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Chicago — The Illinois Section of the American Society of Civil Engineers (ASCE) released the 2018 Report Card for Illinois’ Infrastructure, giving 10 categories of infrastructure an overall grade of C-. The report includes an evaluation of the state’s aviation, bridges, dams, drinking water, navigable waterways, ports, rail, roads, transit, and wastewater. Aviation and rail both received the highest grade of C+, while navigable waterways received the lowest grade of D-. The report is an update from one released in 2014, which gave the same overall grade.

“There was little improvement over the past four years. Illinois’ infrastructure has been on a starvation diet, plagued by years of budget impasses, unpaid bills, pension crises, and a lack of focus from our elected officials. It’s time to make our roads, drinking water, dams, and other infrastructure a priority again,” said Darren Olson, co-chair, Illinois Infrastructure Report Card Committee.

The report finds that while Illinois enjoys a unique competitive economic advantage being at the crossroads of the country’s rail, air, roadway and waterway systems, an aging system and lack of funding for maintenance and upgrades could threaten that status. Further findings include:

  • Airport infrastructure needs have increased 32% since 2015 and Illinois has a projected funding need of more than $5 billion over the next five years.
  • There are an average of 9 million trips across the 2,303 structurally deficient bridges in Illinois each day.
  • More than 50% of the dams in the state are over 50 years old, and within four years, nearly 80% of Illinois dams will be over 50 years old.
  • Strain on aging drinking water infrastructure results in water main breaks and leaks that lose as much as 30% of the treated water supply in the Chicago area.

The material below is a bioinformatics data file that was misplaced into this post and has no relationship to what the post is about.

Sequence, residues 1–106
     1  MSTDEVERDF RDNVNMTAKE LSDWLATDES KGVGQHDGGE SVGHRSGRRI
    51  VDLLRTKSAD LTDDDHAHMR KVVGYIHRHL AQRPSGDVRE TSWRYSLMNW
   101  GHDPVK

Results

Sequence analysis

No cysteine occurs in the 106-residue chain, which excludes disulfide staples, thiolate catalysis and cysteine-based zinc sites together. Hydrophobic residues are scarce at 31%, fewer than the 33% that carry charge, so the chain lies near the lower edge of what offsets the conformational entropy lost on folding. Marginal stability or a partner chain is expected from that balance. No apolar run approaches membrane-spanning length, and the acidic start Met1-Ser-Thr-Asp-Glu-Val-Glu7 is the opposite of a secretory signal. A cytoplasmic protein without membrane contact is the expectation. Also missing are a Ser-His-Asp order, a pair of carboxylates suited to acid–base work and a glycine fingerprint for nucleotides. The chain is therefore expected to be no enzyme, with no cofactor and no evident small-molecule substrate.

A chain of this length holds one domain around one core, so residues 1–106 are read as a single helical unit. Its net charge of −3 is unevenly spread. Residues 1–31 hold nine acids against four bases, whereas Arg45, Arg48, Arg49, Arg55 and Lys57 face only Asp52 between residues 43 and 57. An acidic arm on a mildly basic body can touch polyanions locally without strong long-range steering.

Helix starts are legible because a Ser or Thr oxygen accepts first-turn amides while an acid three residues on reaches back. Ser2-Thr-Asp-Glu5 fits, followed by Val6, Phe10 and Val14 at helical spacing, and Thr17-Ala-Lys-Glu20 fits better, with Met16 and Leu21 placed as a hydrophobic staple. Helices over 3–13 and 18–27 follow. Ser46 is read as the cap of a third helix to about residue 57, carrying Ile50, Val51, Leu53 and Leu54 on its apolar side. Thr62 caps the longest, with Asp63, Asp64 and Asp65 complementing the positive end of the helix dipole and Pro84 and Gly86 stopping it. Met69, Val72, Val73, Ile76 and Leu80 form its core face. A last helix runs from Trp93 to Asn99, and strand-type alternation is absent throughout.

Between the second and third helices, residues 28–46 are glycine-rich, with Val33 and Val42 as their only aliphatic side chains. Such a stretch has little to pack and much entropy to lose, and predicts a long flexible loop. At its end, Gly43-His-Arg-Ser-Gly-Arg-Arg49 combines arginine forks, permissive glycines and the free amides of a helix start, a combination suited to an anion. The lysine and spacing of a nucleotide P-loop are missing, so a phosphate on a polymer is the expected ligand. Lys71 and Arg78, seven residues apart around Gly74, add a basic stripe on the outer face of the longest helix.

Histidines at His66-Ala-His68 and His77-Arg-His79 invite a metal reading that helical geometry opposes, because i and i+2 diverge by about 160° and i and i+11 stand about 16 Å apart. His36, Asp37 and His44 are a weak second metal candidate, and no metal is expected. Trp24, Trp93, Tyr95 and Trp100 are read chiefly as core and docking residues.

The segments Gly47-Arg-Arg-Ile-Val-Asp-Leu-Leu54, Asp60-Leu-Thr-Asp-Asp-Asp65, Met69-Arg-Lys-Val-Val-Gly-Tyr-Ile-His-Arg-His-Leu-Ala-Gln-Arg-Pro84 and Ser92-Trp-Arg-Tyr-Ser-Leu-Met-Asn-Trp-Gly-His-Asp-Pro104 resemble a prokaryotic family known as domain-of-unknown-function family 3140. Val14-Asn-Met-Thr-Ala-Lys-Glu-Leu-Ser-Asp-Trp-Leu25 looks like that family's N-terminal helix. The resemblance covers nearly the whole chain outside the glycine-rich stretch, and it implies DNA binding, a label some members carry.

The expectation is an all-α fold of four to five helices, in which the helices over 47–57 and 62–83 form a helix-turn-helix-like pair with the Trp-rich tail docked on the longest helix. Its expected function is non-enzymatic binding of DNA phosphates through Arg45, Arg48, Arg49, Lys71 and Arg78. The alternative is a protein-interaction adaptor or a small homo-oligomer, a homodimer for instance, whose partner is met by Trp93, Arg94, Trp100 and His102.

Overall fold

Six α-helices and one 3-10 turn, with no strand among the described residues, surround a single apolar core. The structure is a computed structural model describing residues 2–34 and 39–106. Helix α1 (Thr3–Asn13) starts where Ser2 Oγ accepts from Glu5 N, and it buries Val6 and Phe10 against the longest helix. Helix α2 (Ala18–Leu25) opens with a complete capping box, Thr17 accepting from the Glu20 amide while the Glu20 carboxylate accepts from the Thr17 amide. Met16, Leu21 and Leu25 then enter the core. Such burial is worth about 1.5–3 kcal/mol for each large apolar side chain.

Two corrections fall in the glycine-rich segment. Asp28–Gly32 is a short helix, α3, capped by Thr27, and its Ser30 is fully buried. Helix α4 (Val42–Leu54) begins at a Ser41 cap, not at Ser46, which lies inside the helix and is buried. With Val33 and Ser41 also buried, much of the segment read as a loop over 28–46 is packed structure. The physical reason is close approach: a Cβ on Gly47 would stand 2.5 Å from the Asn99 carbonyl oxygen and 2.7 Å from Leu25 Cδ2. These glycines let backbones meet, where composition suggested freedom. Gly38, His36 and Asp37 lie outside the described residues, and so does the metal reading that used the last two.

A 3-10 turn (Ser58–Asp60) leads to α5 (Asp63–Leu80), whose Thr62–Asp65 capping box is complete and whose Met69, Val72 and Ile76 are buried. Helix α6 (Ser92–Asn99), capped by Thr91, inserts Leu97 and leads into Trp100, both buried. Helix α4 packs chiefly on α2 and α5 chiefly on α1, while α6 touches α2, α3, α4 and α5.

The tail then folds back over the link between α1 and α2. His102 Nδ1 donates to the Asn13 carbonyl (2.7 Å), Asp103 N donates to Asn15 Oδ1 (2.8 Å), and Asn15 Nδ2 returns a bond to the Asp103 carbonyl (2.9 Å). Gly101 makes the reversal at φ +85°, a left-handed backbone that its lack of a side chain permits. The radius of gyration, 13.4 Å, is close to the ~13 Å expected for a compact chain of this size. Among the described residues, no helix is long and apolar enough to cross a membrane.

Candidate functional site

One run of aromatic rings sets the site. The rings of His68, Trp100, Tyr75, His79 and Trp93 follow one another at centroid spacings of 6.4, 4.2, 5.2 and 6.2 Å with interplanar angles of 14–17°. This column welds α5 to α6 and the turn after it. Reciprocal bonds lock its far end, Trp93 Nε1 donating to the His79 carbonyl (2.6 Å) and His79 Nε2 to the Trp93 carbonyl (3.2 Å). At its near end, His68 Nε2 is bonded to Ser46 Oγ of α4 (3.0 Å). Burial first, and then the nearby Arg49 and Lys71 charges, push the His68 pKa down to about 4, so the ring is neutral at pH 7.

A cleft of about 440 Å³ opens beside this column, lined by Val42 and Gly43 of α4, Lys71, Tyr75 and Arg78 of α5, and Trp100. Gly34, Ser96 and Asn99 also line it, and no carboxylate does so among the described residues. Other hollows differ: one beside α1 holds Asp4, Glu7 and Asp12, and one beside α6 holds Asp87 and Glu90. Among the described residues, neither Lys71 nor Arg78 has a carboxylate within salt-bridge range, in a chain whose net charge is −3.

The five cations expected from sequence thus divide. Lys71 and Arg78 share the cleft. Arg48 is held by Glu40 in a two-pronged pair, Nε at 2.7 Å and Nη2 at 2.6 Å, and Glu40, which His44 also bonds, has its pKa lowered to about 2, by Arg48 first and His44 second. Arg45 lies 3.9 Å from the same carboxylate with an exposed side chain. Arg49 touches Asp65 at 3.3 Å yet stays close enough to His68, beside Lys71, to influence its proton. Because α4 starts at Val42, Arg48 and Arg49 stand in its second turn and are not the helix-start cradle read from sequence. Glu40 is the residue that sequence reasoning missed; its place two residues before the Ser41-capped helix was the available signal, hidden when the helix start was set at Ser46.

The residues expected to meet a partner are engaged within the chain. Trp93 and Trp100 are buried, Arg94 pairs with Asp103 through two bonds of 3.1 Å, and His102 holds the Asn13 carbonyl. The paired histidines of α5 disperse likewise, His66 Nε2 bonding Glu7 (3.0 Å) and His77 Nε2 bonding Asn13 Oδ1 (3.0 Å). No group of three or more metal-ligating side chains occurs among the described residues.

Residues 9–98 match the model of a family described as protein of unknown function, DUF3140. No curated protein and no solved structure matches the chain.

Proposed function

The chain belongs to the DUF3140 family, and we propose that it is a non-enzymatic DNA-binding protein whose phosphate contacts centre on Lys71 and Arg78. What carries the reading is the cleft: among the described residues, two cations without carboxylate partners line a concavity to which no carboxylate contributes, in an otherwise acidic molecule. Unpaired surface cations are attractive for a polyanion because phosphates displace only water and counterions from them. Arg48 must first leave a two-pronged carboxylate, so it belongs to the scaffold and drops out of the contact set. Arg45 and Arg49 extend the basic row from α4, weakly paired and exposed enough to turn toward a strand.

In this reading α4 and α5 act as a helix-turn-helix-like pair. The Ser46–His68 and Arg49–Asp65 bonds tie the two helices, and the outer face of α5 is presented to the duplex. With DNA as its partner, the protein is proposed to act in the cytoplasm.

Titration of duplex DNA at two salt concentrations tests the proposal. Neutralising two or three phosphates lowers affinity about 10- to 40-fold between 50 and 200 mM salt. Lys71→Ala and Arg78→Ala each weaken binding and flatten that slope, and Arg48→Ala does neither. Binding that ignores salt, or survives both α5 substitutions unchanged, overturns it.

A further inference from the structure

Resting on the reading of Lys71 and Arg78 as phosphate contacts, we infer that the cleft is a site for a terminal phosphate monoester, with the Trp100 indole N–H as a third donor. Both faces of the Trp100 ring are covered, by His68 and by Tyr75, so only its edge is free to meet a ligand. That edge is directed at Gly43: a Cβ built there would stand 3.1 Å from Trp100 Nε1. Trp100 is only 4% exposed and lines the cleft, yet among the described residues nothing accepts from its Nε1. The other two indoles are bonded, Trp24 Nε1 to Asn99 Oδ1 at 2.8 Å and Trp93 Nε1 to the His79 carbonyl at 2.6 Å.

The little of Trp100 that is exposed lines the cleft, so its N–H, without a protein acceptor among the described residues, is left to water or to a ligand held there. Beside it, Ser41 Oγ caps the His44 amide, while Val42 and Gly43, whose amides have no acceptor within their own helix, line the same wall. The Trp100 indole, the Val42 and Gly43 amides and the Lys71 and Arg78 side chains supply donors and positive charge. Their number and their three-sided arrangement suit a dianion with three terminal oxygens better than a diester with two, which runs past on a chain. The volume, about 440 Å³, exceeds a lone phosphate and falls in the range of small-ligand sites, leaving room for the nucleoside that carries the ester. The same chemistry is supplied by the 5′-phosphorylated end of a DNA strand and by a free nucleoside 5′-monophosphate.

• Given the 94 million tons of freight shipped annually, failure of just one of the critical locks on the navigable waterway system can cost more than $1.5 billion annually in additional transport costs and the loss of more than $2 billion in farm-based income.
  • The state’s rail network is over 7,000 miles long and Illinois is the only state in which all seven Class One freight railroads operate.
  • Illinois’ 19 cent-per-gallon motor fuel tax has remained the same since 1991 while roads in need of repair costs Illinois motorists $4.8 billion a year in extra vehicle repairs and operating costs, or $566 per motorist.

“In many cases, we’ve failed to make necessary investments, and our roadways, drinking water pipes, navigable waterways, and other systems have paid the price,” said Patrick Lach, co-chair of the Illinois Infrastructure Report Committee. “If sufficient, long-term funding is not identified for many of these categories, our state’s infrastructure will face further capacity restrictions and worsening conditions, which could threaten our economy, our economic competitiveness, and our quality of life. There is national attention around this issue, and to fully address our infrastructure needs we need action at the federal, state, and local levels.”

The Report Card also offers solutions to address the state’s infrastructure needs, including:

  • Consistently pass balanced budgets and develop new sources that provide adequate long-term sustainable funding for infrastructure.
  • Consider emerging technologies and shifting social and economic trends as we design our future infrastructure with clear economic, social, and environmental benefits in mind.

The report graded 10 categories as follows:

  • aviation (C+),
  • bridges (C),
  • dams (C),
  • drinking water (C-),
  • navigable waterways (D-),
  • ports (C-),
  • rail (C+),
  • roads (D),
  • transit (D), and
  • wastewater (C-).

The Report Card for Illinois’ Infrastructure was created as a public service to citizens and policymakers of the state to inform them of the infrastructure needs in their community. By using school report card letter grades, civil engineers used their expertise to condense complicated data into an easy-to-understand analysis.

ASCE State Infrastructure Report Cards are modeled after the national Infrastructure Report Card, which gave America’s infrastructure a grade of D+ in 2017.

The full Report Card for Illinois Infrastructure is available at https://www.infrastructurereportcard.org/state-item/illinois.

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